Why Too Much Competition is the Best Problem Ever
Aug 18, 2015 | Posted by etc | comments (0)
For entrepreneurs, a good sense of marketing is prerequisite for survival, even if you do not know exactly how to do it. If you did not get that MBA before you began business, many of these kinds of skills are learn-as-you-go. After all, most entrepreneurs do not start business because they just can’t wait to get at the accounting. They start because they love to cook, or they love plants, or they love to cut hair–not because they want to learn the mechanics of business. If you are a chef, you just want to get your head down and create that culinary masterpiece on a plate. But even if you create it? Most entrepreneurs do not want to toot the horn, even if it is a masterpiece. They would rather other people to do it for them. We were taught not to brag, right?
Unfortunately, “if you build it, they will come” as a business philosophy is a pipe dream. Even if you have the best gourmet hamburger in town, no one is obligated to come. You must give them a reason. Your friends, family, and neighbors will eventually tire of your gourmet hamburgers, and you will need to bring in new customers. And if you have not noticed, the hamburger industry is a crowded place. Many industries are crowded.
Which brings me to my point: Competition is good for us.
Right now, the Iowa State Fair is in full swing with concession stands every 15’ ready to sell you anything that will stay long enough on a stick to be consumed. Whether frozen, fluffed, or fried–there is something to satisfy your every fetish and craving. No one is counting calories at the Fair. No one cares if that two-bite treat costs $6.50 plus tax. Everyone has money in their pockets waiting to fly out to purchase the newest confectionary adventure. And let me tell you, if there is an ice cream bar to die for? I’m signing up to die. And there are thousands behind me.
You should see all the competition! Here is why it is good for us:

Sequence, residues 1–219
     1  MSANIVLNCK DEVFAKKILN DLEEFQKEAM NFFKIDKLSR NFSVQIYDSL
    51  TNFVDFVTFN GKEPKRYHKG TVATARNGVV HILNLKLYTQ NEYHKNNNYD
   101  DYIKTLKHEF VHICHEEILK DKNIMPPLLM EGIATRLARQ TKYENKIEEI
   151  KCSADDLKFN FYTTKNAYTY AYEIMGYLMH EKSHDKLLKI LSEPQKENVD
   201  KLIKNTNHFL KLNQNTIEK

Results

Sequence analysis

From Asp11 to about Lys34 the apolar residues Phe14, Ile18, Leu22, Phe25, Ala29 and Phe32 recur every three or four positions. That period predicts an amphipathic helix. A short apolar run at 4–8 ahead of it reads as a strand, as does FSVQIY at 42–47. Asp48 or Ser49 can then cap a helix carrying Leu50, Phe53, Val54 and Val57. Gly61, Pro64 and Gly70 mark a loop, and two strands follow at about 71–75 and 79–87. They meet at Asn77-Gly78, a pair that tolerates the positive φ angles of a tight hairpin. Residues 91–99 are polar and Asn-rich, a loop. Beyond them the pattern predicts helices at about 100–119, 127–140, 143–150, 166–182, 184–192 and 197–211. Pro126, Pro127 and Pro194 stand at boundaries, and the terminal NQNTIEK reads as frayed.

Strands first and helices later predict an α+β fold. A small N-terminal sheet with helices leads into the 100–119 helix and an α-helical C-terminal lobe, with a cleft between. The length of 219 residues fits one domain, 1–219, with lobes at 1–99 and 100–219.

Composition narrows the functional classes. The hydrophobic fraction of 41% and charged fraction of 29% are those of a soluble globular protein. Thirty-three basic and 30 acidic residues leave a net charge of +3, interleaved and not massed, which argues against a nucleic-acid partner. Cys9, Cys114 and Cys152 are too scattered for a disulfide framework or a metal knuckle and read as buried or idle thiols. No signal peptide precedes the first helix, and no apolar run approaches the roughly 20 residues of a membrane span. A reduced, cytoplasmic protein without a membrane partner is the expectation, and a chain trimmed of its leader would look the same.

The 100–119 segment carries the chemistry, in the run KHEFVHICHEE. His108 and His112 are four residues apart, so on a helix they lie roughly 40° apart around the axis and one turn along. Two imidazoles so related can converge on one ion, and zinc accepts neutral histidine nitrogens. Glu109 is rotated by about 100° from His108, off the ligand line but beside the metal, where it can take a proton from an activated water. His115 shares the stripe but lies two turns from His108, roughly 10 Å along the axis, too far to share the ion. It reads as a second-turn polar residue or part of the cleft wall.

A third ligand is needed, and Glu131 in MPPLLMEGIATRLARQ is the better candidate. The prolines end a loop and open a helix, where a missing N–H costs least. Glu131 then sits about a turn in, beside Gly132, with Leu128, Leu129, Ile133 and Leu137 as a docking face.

Much competition means much demand! Demand is a prerequisite to selling anything!
Much competition draws more customers, because they find many choices in the same area. Someone is going to get the sale–might as well be you, right?
Much competition demands that I become a better business person. To attract customers away from my competitor, I must make my product better. I cannot just make claims about it–I have to prove those claims, or the customer will not come back. I must out-serve, out-perform, and out-do my competition in customer service. I must be better than I was yesterday, and find new things to sell tomorrow. To make a profit, I must make my business work like a finely-oiled machine. It makes me be a better me.
Much competition means the door is wide open for opportunity. All you need in such a case is better marketing. All this month we have been talking about the Unique Value Proposition. A Unique Value Proposition is something that you can say about your business that your competitor cannot say. Easy? Not on your life. Thinking about it can blow your mind. But thinking about it will also make your product blow my mind! It forces you to do market research–to find the gap in your competitor’s offerings, and to create your own niche. It forces you to do business in a whole new way.
More important that anything, much competition forces you to know your customer–the best marketing strategy ever.
“Haven’t small businesses failed because of too much competition?”, you might ask. Perhaps. But probably not. More businesses fail because they have not done the research to find out what the customer really wants.
Why not focus on what you do best, rather than turning around to see where your competitor is at in the race? Focusing on others in the race makes you trip. It makes you a follower, not a leader.
Get your head down, and work on making your customer happy. Focus on being the best business you can be, and you will find yourself in the lead.
etc!graphics exists to help your business develop its own Visual Voice. We help you design your Brand into a visual language. But what if you do not have a strong Brand? If you do not know what your brand stands for, it will be difficult to craft a clear visual language to match. We want to help. Stay tuned all this month for Parts IV of Your Message, Loud & Clear. You can read Part I here, Part II here.
For more information like this, please visit our website at www.etcgraphics.com/thincblog